Today, we turn to the Transfiguration of Jesus. Each synoptic gospel contains an account of this moment on the mountain where Jesus is transformed. Transfiguration, to be transfigured is to be changed completely into a more beautiful or more spiritual state. This is just one of the glorious impossibles in the larger story of Jesus.
Here on the mountain we encounter a description of a liminal space, a crossing point between things of the earth and things of spirit. We have a description of what Peter, John and James saw: Jesus as his face was changed, his clothes dazzling white. Jesus, their friend and teacher in conversation with the two great figures of the faith, Moses, the law-giver and Elijah, the great prophet. This is an amazing thing to behold. It offers up a vision of a whole new world but just as we begin to lean in, it is whisked away. A cloud descends, God speaks and they turn and head back down the mountain, unsettled – God’s voice still ringing in their ears – unable or unwilling to speak about what they’ve seen.
Friends, this kind of fantastic vision has never, ever happened to me. However, I believe there are moments when we all, each of us, have experienced God’s presence in some amazing way. And when we do, like Peter, we look around and say “it is good to be here.”
When I was reading around in some commentaries preparing for today, I ran across one that said: do not do this one particular thing. And, I’m afraid, that is exactly what I am going to do – shift the focus from the glorious impossible of the transfiguration to Peter and his utterly human response to it all. It is good to be here and then “let’s stay.”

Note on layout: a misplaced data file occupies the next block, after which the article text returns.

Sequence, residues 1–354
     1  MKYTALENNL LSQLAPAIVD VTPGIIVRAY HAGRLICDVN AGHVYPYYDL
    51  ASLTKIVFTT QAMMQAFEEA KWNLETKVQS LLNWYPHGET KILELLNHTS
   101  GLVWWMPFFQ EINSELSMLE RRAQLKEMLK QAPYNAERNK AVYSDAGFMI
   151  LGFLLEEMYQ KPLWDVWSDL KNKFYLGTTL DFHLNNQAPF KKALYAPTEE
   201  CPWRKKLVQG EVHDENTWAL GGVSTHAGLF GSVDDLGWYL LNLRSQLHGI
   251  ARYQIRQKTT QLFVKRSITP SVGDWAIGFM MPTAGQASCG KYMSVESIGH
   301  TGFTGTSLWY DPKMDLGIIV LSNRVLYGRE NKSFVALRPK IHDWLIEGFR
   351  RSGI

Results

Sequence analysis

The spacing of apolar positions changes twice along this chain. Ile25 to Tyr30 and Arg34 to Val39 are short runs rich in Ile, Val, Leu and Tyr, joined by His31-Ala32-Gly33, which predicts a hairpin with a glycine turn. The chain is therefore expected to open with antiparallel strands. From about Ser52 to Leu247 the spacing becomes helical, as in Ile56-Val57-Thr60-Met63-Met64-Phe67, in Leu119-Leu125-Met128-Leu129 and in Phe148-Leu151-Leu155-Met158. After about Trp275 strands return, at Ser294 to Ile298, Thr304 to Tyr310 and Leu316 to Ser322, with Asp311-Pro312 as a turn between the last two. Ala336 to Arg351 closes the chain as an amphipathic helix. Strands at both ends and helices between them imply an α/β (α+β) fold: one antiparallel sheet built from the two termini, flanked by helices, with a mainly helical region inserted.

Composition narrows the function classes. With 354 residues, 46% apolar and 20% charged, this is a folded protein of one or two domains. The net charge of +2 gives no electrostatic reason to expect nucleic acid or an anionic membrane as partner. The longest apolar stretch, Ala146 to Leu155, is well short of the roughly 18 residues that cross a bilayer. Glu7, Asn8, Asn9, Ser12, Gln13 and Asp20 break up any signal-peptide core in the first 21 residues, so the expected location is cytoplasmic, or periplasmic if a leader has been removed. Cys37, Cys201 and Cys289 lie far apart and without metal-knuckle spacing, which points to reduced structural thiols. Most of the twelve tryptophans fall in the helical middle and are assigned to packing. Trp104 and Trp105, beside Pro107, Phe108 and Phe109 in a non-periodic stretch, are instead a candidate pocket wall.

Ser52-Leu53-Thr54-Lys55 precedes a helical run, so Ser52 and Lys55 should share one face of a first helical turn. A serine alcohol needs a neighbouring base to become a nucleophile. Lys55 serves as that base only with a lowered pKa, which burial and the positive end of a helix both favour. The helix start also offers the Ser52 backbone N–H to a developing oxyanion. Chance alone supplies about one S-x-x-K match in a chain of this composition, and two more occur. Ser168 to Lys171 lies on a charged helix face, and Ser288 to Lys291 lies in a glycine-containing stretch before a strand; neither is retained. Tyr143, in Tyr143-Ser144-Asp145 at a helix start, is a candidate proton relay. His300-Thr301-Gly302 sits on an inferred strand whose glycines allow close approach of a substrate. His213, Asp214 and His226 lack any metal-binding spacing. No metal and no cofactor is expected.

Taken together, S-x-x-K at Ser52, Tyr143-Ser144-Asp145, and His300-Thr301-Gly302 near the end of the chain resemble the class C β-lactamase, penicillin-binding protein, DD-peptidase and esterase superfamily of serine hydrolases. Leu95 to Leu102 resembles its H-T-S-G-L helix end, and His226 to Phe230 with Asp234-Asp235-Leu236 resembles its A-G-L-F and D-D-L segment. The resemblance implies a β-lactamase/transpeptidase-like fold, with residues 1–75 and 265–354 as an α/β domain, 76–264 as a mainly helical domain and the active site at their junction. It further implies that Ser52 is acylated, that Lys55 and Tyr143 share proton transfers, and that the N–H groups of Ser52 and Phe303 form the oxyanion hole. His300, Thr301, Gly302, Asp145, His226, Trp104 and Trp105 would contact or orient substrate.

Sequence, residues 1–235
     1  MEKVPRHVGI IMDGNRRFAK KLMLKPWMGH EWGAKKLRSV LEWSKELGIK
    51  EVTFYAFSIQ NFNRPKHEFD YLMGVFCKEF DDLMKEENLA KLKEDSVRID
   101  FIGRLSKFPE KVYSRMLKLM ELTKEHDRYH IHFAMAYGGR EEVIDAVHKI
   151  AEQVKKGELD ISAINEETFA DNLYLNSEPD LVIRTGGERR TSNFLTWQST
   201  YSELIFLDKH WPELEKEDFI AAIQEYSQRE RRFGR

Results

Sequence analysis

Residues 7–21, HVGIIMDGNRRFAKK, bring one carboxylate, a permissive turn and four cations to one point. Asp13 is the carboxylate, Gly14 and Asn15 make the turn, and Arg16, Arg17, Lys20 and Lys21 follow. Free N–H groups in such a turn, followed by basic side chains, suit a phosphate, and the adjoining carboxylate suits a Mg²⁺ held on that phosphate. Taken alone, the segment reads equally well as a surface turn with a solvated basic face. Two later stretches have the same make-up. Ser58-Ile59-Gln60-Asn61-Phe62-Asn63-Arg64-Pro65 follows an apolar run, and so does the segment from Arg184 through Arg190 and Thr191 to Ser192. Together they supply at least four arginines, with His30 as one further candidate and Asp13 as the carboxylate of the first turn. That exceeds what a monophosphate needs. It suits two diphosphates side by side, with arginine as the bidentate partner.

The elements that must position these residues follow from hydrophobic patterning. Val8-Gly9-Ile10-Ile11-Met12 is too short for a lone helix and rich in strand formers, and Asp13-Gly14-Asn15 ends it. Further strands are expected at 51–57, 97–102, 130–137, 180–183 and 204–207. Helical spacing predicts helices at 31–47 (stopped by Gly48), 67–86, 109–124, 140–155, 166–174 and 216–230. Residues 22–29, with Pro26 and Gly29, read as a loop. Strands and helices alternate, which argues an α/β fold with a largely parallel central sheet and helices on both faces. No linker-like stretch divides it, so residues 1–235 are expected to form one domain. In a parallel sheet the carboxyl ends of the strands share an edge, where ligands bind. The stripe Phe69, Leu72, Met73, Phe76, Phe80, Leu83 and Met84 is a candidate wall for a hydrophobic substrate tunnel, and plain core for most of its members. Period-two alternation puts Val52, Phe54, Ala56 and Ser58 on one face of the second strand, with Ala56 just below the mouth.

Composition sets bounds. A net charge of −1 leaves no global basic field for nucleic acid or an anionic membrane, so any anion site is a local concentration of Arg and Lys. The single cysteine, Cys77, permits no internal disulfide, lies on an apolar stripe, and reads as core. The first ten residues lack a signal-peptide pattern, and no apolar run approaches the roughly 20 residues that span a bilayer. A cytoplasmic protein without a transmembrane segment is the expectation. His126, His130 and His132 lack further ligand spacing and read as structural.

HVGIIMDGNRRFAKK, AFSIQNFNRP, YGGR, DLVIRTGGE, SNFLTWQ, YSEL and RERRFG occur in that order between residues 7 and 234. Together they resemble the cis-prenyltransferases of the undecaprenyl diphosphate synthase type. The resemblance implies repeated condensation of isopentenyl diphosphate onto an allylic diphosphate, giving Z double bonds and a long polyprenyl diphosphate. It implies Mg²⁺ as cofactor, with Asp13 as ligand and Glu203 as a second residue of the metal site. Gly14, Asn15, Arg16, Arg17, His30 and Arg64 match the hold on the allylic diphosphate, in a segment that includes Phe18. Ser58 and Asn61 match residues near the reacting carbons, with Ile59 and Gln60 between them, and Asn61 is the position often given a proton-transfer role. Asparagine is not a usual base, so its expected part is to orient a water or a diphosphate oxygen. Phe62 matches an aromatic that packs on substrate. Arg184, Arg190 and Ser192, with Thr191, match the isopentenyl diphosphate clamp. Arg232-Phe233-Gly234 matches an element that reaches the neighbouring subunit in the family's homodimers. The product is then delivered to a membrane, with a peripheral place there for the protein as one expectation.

Several years ago, we saw Yo-Yo Ma in performance with the San Antonio Symphony. He played a concerto – for the life of me I can’t remember which one – and then he returned to the stage for an encore, and then another and then a third one and we were still on our feet, clapping until our hands hurt, roaring for more.
It was good to be there and we did not want the spell of beauty and music that had been woven around us to end. But it did as it must and there was regrouping, walking back to the car, getting in, driving home, the real world slowly rebuilding itself around us.
We could not stay. Peter can’t either – there is work to be done, down the mountain, in the world, on the way to Jerusalem.
The writer, Rachel Held Evans spoke of her relationship with the bible as evolving through stages
the bible as storybook, the bible as answer book, the bible as handbook.
I often think of the bible as a mirror. I hold this story up and see myself, I see all of us, reflected in Peter’s longing to hold on to the golden moment that is – to stay. And friends, I also see all of us – transfigured by God’s presence, the presence I find and you find in this place. God is always transforming us into something more beautiful. It is good to be here – but we can’t stay. Our work lies waiting, down the mountain and through those doors. Thanks be to God. Amen.